Health workers' pay missing
MAREE Duffy is concerned that Queensland Health’s new “$40 million” payroll system will again “muck up” and more staff won’t be paid next week.
The new system failed to deliver for some employees in its first week of operation, last week.
“It’s one big failure,” she said.
Ms Duffy — the Australian Workers’ Union Organiser for Gympie and South Burnett — said so far six Queensland Health employees from the Gympie Hospital’s operational stream, that she represented, had come forward saying they hadn’t been paid since wages were due last Wednesday.
And there have been reports of other hospital staff from all over the state also missing their wages.
Ms Duffy said new processes designed to fix disputes had been followed and still the wages hadn’t been paid, six days after they were due.
“I am concerned they haven’t fixed it and staff will be putting in rosters next week and there are two public holidays (and more people may miss out on pay).”
Yesterday she couldn’t find the words to describe just how large the wages bungle was.
Its “embarrassing employees”, Ms Duffy said of the mistake.
“Employees can’t pay for their petrol and food and some can’t pay their rent,” she said.
“Queensland Health has no contingency plan.”
Ms Duffy said as far as she knew there was no trial run of the new pay system to work out the bugs before the old system was taken off line and that was careless.
A woman, who works at the Gympie Hospital, was no longer able to cope without her wage, she said, and a man who was in dire straights received some pay yesterday after she fought for his wage.
While another woman needed to cash in all the 20 cent pieces she had saved to pay for petrol to get to work.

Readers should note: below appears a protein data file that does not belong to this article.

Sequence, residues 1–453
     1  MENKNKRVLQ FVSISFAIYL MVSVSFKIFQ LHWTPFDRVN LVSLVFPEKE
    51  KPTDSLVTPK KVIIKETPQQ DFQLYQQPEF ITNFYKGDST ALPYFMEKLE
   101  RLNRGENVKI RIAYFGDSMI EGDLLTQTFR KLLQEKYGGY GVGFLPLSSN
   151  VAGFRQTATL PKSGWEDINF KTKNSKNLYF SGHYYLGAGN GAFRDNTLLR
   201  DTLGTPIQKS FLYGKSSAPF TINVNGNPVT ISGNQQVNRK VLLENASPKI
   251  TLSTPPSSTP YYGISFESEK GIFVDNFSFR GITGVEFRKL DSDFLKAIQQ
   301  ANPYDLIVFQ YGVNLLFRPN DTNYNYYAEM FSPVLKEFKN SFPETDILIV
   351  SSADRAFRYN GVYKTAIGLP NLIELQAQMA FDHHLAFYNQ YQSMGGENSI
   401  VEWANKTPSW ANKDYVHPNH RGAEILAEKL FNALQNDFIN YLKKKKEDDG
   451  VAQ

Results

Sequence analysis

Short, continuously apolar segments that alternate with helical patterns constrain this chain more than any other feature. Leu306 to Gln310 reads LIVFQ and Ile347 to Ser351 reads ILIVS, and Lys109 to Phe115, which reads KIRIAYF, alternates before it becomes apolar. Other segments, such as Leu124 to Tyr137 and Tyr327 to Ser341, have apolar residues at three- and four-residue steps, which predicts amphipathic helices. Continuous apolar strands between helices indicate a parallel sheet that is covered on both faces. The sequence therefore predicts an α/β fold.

Queensland Health has now said they will pay dishonour fees staff incurred from not being paid on time.
But Ms Duffy encouraged all staff to check their entitlements to make sure that there were no discrepancies.
Queensland Health’s Deputy Director-General Corporate Services Division, Michael Kalimnios, said staff was working “around the clock” to address incorrect staff pays, following the introduction of a new payroll and rostering system across the department.
Mr Kalimnios, said the new system had caused some non-rostered staff to be paid incorrectly.
“A payroll migration of this size was complex, as 74,000 employees on 13 different awards and 13 agreements throughout Queensland needed to transfer to the new system,” he said.
Mr Kalimnios said he wished to apologise to staff and acknowledged this was a significant issue.
“The major issue has been with staff whose pay needed to be adjusted during this pay fortnight. These staff will be given priority in Queensland Health’s daily payroll updates,” he said.
“Due to the commencement of the new system, 140,000 adjustments had to be made in five days, as opposed to the normal 14 days.
“As a result, some pay adjustments for casuals or those whose rostered hours changed were not processed,” he said.